So where are we today?  There is still a lot of infrastructure work to be completed before Blackpool can be reached by a new electric train service, and Liverpool Lime Street is being closed in the summer for a couple of months, and the Chorley “Flying Arches” appear to be uplifted.

Here are a few snaps of work in progress in the North West:



Wrong Kind of Snow Warning?


Some 25 years or more ago, an unfortunate BR spokesman when asked about why snow was affecting trains, causing delays and cancellations, replied with the immortal phrase indicating it was …. “the wrong kind of snow”.

Naturally, this provoked a flurry of commentary by the newspaper media, and even TV and radio, but with little attention to detail or consideration of facts.  At the time, the electrified railways in the south of England were hampered as much by the use of 3rd rail contact systems; a technology dating from pre First World War days, as by anything the weather could provide.

But, in a feature for ‘Electrical Review’ in 1993, I wanted to explore the problem further, and wrote the article below.  It’s interesting to see how Britain tackled the problem compared with our European neighbours, who had far worse conditions to deal with.  So, are we any better at out today than we were then…. maybe I’ll have a look at this after our next bout of “arctic blast” – due next week I believe.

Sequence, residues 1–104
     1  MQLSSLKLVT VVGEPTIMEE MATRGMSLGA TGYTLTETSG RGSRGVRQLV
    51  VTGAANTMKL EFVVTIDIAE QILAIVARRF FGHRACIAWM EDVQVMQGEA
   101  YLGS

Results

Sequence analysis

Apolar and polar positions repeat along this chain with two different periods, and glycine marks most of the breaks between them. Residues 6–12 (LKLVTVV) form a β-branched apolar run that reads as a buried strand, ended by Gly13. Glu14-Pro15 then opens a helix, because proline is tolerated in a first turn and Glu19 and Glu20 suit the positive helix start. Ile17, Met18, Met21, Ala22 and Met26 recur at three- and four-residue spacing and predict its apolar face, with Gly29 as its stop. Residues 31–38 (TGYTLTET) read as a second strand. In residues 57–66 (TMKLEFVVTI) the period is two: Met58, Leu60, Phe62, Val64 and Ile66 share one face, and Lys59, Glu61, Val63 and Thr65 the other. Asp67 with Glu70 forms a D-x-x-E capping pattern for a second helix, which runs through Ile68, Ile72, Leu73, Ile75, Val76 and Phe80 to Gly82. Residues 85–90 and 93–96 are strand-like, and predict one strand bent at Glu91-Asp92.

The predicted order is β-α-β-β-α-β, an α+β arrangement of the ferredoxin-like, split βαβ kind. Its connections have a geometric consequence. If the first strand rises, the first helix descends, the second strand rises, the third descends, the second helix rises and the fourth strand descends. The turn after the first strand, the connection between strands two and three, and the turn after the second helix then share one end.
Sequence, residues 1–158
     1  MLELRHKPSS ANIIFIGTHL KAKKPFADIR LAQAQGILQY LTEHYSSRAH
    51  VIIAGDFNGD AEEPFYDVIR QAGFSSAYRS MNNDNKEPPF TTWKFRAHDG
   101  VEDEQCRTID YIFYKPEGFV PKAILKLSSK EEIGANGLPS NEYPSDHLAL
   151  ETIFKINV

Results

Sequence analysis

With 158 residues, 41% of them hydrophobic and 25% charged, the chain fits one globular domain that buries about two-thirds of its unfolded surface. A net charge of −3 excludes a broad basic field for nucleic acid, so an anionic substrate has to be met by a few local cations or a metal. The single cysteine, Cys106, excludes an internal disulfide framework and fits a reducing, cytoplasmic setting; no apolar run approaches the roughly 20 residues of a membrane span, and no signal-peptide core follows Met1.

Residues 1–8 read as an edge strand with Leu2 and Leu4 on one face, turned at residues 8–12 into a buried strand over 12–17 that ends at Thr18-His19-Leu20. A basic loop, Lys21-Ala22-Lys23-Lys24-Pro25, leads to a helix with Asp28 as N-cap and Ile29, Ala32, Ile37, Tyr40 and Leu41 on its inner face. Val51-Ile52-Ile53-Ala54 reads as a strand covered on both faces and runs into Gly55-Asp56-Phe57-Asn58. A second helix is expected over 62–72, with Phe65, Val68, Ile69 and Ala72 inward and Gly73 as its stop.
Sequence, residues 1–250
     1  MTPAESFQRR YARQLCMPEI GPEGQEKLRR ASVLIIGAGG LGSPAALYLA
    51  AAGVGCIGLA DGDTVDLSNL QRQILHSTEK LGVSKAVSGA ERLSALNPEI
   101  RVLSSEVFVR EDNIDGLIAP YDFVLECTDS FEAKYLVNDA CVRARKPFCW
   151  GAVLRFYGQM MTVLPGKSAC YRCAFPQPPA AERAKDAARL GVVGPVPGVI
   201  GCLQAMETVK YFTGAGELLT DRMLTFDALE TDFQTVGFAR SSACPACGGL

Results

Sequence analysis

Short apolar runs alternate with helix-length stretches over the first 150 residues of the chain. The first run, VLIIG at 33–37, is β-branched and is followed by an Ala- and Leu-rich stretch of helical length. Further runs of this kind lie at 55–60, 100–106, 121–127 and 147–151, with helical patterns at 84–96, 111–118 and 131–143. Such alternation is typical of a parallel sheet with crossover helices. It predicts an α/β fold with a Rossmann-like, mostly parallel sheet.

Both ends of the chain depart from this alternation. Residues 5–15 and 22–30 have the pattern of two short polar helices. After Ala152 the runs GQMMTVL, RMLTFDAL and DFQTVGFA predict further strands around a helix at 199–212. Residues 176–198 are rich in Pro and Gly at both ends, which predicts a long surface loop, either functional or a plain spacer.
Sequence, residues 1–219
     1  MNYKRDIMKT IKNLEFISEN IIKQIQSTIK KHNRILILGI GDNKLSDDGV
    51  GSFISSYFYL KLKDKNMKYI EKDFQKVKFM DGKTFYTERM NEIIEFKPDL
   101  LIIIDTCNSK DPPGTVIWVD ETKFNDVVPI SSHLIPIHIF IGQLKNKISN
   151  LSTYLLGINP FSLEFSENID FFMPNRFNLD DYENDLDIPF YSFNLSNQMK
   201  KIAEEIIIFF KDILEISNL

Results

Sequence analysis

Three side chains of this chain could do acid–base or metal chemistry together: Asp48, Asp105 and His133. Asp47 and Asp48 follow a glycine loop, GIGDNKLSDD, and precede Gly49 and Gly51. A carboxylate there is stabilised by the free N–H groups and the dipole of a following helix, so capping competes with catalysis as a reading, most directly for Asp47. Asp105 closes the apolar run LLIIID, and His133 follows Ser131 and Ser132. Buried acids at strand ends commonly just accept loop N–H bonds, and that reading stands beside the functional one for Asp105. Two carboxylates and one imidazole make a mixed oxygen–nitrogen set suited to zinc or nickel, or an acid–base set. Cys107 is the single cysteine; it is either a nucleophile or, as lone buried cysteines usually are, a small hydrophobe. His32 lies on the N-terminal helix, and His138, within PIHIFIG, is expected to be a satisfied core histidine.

March 1993 - Wrong Kind of Snow - 2

Read the rest of the feature here:

Wrong Kind of Snow

Originally published in “Electrical Review” 25 Years ago in March 1993 – will history repeat itself ??


Withdrawal of Diesel Only Trains in the UK – Just Another Delay?


This announcement by the Government seems to be suggesting that DMUs will disappear from Britain’s railway network by 2040.  That’s 22 years away, but to be fair it was only ‘asked for’ by a Transport Minister a few days ago on February 12th, and the industry has been asked to report back later in the year.

Fascinating story: British minister calls for withdrawal of ‘diesel-only’ trains by 2040

Jo Johnson, the minister making these observations, at the same time as recognising that rail is much less harmful to the environment than road transport, also said:

“I want to see a clear, long-term strategy with consistent objectives and incentives.”